In 2022, patients abandoned 94 million prescriptions at pharmacies. Among prescriptions costing more than $500, 53% were not picked up by patients, compared with 7% for those costing less than $10.
That 53% “translates to about 11 million newly starting prescriptions. Obviously, if you start a prescription, and you continue, you would fill that a number of times. So this is sort of the beginning of the train-not-starting dynamic,” he said. In addition, “there’s a large number of them [abandoned prescriptions] that happen when the cost was zero or even when it was less than $10. So I just encourage everyone to think about what does affordability mean, and is affordability the only dynamic here? Some of these are about convenience or side effects or unwillingness to take the prescription.…There’s a number of dynamics that could be driving patient behavior here, but at the cost end, it’s significant.”
Researchers specifically looked at insulin out-of-pocket costs, which were $1.4 billion in 2022, “and 77% of those costs are linked to the 21% of prescriptions that cost patients more than $35.” However, those pressures are being reduced for some patients, as manufacturers have announced price reductions for certain agents, and the Inflation Reduction Act will impose a cap of $35 on Medicare beneficiary out-of-pocket costs.
The report found that if out-of-pocket costs for all patients taking insulin were capped at $35, this would result in savings of $561 million: $135 million for beneficiaries in commercial plans, $152 million for Medicare covered lives and $273 million for cash-paying patients. Patients in commercial plans spent $480 million last year on insulin prescriptions, Medicare beneficiaries spent $537 million, and cash-pay patients spent $337 million.
“Still, the open question for us is how many insulin patients were abandoning therapy and would therefore be having worse outcomes for their diabetes, maybe because of the cost,…and that will be something we’re going to be watching very closely as the year progresses.”
Oncology, Obesity Will Drive Spending Growth
The report notes COVID’s “significant” impact on U.S. market growth, but it projects that “the long-term impact on growth trends is expected to be more muted and the market will return to pre-pandemic trends by 2024.” Growth in spending on medications over the next five years will be “largely unchanged” and is expected to increase between 1% and 4% on a WAC basis and -2% to 1% on a net price basis. Growth from new innovative medications will be offset by exclusivity losses, biosimilar uptake, the impact of legislation and a shift in COVID spending.
“In the next five years, spending is going to be the same level — $429 billion — as it is today,” remarked Kleinrock. And while some uncertainty exists on the outlook, “this is a fairly dramatic change in the sort of historic always-upward trend in this medicine trend.”
Through 2027, the report forecasts that drugs for oncology, neurology and obesity will drive spending growth, while treatments for diabetes, immunology and COVID-19 will help slow it down. Spending on oncolytics on a net basis is expected to reach $125 billion in five years — with more than 100 new oncology drugs expected, many for rare cancers — as growth slows to 9% from biosimilar savings.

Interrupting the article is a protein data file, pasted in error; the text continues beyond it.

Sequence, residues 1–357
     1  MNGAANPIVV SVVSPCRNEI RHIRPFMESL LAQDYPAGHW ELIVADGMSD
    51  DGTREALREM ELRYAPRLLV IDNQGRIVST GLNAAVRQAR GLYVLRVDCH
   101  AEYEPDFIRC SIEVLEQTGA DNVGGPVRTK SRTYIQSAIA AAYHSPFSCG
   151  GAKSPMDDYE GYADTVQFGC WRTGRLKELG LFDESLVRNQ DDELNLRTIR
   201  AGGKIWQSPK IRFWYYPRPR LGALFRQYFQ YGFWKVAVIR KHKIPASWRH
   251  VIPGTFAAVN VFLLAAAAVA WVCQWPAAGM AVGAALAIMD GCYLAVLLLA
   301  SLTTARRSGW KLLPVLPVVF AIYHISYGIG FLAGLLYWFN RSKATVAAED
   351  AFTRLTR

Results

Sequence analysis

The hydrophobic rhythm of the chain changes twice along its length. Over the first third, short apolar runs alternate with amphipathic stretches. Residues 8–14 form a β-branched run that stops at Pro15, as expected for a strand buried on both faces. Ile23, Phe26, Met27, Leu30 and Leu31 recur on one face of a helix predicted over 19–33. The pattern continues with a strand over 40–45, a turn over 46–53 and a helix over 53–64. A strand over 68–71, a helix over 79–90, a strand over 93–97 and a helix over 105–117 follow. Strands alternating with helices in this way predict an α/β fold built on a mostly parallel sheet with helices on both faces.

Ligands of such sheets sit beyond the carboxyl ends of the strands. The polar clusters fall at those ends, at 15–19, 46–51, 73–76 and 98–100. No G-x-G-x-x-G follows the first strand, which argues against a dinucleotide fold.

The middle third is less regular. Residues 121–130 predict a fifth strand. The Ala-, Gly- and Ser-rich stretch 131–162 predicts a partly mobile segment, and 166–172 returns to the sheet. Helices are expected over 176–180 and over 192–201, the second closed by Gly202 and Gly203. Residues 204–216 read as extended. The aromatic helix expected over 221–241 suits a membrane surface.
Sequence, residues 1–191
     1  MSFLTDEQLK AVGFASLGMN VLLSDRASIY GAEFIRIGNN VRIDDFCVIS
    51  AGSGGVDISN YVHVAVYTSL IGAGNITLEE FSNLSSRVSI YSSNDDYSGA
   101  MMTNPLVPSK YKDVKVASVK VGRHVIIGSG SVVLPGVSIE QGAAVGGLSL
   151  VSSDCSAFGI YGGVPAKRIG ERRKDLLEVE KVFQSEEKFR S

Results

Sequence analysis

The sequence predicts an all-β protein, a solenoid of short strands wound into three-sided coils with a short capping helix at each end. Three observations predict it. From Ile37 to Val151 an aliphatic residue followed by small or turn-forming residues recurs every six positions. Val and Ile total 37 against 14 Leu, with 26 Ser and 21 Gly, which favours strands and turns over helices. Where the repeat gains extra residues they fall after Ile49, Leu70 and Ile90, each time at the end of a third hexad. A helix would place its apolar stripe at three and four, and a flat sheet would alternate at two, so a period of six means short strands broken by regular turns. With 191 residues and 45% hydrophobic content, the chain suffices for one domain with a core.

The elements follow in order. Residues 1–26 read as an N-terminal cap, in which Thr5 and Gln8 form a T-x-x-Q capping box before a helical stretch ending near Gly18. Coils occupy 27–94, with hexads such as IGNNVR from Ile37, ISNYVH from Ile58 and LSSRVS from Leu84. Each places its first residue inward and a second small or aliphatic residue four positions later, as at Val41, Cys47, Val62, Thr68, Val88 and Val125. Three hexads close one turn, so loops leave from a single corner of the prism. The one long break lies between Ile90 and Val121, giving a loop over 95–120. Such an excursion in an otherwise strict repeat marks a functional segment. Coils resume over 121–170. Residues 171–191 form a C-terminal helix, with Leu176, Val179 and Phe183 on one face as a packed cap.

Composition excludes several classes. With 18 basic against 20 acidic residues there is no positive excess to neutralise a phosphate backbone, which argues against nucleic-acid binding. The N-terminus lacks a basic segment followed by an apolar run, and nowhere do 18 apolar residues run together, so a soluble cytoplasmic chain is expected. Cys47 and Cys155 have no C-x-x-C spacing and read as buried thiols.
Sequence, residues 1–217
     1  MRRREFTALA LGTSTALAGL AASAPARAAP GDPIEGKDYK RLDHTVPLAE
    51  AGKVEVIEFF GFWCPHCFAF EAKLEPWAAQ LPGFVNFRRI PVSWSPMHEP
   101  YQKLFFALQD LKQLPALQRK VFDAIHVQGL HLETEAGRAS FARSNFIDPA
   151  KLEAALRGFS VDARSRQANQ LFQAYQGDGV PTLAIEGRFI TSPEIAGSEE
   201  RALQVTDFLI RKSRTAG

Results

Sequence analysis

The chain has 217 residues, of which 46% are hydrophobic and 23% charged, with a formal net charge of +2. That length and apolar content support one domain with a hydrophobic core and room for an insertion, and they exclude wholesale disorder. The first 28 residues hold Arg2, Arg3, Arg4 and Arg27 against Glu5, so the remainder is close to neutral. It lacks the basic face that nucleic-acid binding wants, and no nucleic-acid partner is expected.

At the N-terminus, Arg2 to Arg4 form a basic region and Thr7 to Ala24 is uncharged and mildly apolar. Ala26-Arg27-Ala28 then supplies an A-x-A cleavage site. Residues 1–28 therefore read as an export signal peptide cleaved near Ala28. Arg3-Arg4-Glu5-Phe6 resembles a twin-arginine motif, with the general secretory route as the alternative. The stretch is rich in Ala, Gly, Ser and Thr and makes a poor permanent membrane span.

In diabetes, however, the “insulin repricing dynamic is a significant element of the modeling…that suggests that list prices will begin to come down quite significantly,” said Kleinrock. “The net doesn’t decline nearly as much. But there are net savings here,” with net revenues forecast to decline by 36% to 39% over the next five years.
The immunology class is another traditional cost driver that finds itself poised to contribute to slowing spending growth. Over the past decade, these agents have averaged 12% volume growth in days of therapy. But through 2027, spending is projected to decline by $9 billion, or 15%, with biosimilars of AbbVie Inc.’s Humira (adalimumab), Stelara (ustekinumab) from Johnson & Johnson’s Janssen Biotech, Inc. unit and Actemra (tocilizumab) from Genentech USA, Inc., a member of the Roche Group, launching onto the U.S. market. Costs for immunology drugs are projected to drop by 41% over the next five years.
“But there’s still billions of dollars here spent in immunology,” he noted.
Next-generation biotherapeutics such as cell and gene therapies and RNA-related treatments now are “tracking about $4 billion in spending in the US.,” said Kleinrock. “We think that rises…upward to somewhere around $12 billion in five years. But there are scenarios where it reaches $20 [billion]. And that’s really a question of whether the access and infrastructure support that wider use. Many of these are for small and rare populations, but if they were to be more widely used, that would be the driver of that upside scenario.”
Even though obesity has “a significant disease burden” across the country, the condition historically has been “less than a billion dollar market,” observed Kleinrock. In 2018, spending was about $500 million, but that has increased to almost $2.1 billion in 2022, as use of newer agents increases. With their “significant efficacy,…that growth has been fairly startling through 2022,” he asserted.
The report forecasts growth in spending conservatively at $7 billion by 2027, with a base case of $10 billion in net spending by 2027 and $22 billion with less-restricted access. “There have been reports, estimates from other analysts, that have this market being even bigger than the high side of our scenario here,” he noted. “That would be a scenario that would play out if many more market participants were supportive of paying for these medicines, beyond just patients who wanted the medicine and industry who gave them coupons.
“It would involve payers or employers or others significantly deciding to jump on and support the use of these medicines,” Kleinrock continued. “And, you know, the flip side from our research in areas of interest is that if there were wider use of these medicines, and they were effective, there would likely be offsetting health benefits,” such as improving cardiometabolic outcomes and lowering costs for other diseases.